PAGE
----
Background: The prognostic impact of new-onset atrial fibrillation (AF) is not fully elucidated. Methods and Results: We examined 4,818 consecutive stage C/D chronic heart failure (CHF) patients in the Chronic Heart Failure Analysis and Registry in the Tohoku District-2 (CHART-2) Study (n=10,219). At enrollment, 1,859 (38.6%) of them had AF. Compared with the 2,953 patients without AF, AF patients were characterized by higher age (71 vs. 68 years), lower estimated glomerular filtration rate (58.9 vs. 61.9 ml/min/1.73 m2), higher brain natriuretic peptide (152 vs. 74.5 pg/ml), similar left ventricular ejection fraction (56.8 vs. 56.5%), and a similar prescription rate of β-blockers (48.1 vs. 50.6%) and renin-angiotensin system (RAS) inhibitors (72.9 vs. 71.6%). Among the patients without AF at enrollment, 106 (3.6%) developed new AF during the median 3.2-year follow-up, which was associated with increased mortality (adjusted hazard ratio, 1.72; P=0.013). In contrast, neither paroxysmal nor chronic AF at enrollment was associated with increased mortality. The mortality rate was significantly high in the first year after the onset of new AF. On inverse probability of treatment weighting analysis using propensity score, RAS inhibitors and statins were associated with reduced incidence of new AF, and diuretics were associated with increase of new AF. Conclusions: Onset of new AF, but not a history of AF, is associated with increased mortality in CHF patients, especially in the first year.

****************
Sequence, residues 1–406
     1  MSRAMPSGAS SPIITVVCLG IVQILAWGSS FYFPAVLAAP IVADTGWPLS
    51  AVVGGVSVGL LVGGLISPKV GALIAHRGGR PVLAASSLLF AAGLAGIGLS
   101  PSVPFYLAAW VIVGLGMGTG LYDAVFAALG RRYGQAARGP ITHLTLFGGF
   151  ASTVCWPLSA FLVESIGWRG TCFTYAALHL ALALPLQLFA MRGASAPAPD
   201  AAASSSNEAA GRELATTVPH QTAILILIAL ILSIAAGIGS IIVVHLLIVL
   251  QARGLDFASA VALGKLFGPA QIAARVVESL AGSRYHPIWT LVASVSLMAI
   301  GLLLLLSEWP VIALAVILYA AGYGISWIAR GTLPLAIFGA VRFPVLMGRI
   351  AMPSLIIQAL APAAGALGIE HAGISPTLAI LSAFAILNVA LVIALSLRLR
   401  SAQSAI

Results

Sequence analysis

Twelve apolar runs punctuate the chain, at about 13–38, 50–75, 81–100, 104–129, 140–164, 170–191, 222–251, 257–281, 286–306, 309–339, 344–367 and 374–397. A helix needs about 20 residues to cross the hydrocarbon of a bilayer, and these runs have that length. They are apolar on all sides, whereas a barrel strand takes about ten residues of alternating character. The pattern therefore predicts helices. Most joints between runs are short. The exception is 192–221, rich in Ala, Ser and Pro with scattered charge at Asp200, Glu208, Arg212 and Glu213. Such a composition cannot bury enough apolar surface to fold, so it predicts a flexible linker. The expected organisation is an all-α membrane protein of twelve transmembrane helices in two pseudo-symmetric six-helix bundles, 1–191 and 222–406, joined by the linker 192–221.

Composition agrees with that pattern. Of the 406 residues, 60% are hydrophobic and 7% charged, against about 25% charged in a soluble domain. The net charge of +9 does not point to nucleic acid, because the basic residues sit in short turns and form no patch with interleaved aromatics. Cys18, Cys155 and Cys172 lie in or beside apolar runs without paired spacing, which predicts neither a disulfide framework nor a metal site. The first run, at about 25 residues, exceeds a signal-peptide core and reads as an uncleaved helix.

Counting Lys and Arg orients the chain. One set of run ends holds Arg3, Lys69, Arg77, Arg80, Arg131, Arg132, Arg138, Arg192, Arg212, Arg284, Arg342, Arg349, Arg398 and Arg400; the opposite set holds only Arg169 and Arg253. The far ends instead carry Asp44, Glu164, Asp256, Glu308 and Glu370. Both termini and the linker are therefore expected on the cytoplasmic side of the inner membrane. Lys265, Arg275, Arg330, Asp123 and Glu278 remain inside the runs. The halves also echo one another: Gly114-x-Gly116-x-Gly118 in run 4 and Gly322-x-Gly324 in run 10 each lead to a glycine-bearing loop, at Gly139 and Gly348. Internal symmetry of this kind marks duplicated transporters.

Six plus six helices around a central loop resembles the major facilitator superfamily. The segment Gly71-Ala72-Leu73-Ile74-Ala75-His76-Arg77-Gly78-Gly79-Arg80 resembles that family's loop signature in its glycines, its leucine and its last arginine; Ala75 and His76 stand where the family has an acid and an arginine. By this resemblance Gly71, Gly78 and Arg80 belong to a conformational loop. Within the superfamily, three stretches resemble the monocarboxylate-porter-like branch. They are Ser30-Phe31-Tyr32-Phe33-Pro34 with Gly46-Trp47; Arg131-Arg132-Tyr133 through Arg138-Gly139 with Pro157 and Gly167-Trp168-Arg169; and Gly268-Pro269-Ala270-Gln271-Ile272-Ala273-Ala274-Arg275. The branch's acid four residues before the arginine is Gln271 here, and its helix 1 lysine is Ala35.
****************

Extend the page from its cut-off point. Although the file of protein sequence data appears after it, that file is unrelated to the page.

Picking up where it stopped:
- Atrial fibrillation
- Chronic heart failure
- Renin-angiotensin system inhibitor
ASJC Scopus subject areas
- Cardiology and Cardiovascular Medicine